telegraphist

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Synonyms for telegraphist

someone who transmits messages by telegraph

References in periodicals archive ?
He completed his basic training in Saint-Hyacinthe, later training as a telegraphist and wireless operator.
If spirits could "potentially serve as a valuable source of inexpensive labour" so, too, would telegraphists and typists become labour-saving devices, providing "a virtually inexhaustible source of energy" (Enns 61).
(57) A live electric wire was stretched diagonally across the stage with two telegraphists at either end, sitting at their machines.
In the early days, telegraphists would type in Morse Code.
Dunkley, Louisa Margaret (1866-1927), advocated for equal pay for women telegraphists in 1890s.
He trained his own radio telegraphists and placed them on all ships he equipped with a wireless radio station.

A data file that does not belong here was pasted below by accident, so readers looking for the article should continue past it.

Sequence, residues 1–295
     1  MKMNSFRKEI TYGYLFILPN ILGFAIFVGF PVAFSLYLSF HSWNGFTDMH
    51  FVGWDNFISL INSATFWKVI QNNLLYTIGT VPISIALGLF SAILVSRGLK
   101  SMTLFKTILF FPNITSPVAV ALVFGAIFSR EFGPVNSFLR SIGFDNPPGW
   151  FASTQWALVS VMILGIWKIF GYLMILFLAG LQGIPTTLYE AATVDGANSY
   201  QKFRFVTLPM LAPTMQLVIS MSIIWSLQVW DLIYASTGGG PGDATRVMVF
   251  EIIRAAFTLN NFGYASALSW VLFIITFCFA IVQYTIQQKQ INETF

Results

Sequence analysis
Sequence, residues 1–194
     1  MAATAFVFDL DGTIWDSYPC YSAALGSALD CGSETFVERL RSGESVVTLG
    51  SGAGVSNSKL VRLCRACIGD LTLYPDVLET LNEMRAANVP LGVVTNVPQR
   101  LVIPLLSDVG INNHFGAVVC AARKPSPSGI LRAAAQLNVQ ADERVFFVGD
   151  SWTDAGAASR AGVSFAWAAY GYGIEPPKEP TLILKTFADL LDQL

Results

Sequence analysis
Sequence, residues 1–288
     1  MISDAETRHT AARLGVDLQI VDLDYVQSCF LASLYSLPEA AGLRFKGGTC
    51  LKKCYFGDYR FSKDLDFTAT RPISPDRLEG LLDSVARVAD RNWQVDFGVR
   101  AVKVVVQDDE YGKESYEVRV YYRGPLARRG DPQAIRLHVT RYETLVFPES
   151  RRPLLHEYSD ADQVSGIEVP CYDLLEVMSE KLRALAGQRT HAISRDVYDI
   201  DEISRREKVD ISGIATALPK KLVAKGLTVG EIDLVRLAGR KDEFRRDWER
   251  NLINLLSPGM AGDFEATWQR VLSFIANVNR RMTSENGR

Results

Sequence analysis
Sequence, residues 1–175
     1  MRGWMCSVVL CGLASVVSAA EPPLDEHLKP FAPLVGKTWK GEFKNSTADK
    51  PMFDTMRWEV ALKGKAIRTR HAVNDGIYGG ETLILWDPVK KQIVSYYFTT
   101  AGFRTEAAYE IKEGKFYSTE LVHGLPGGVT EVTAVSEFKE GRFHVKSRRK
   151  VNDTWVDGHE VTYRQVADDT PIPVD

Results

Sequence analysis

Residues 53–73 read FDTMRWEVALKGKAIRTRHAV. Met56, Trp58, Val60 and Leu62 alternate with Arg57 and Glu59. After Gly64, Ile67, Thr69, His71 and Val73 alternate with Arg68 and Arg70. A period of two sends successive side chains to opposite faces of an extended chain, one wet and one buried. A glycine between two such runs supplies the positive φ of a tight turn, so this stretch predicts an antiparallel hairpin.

On the same day that Captain Scott and his party reached the South Pole, a morse code message was sent by telegraphists on Mawson's expedition from a transmitter on Macquarie Island to a second receiver located on the island.
The couple met while working as telegraphists at a post office in Cardiff.
Telegraphists, telephonists, engineers and postal workers.
Crespo, et al., "Comments on: Verification of generalized telegraphists equations applied to dielectric waveguide problems," Applied Optics, Vol.
Made up of cooks, clerks, wireless telegraphists, electricians and air mechanics, the original Wrens membership accounted for 5,500 before it disbanded in 1919.
If the problem is seen as arising from a new technology, rather than as a phenomenon that may have arisen from different work in the past, the resemblance to telegraphists' cramp, which was investigated by Smith, Culpin, and Farmer (1927) for the IHRB, will not be noticed.
When radio telegraphy became widely used in ships, naval signals specialists made the important discovery that Morse sending was distinctly personal; and a telegraphists 'fist' was as identifiable as his fingerprint.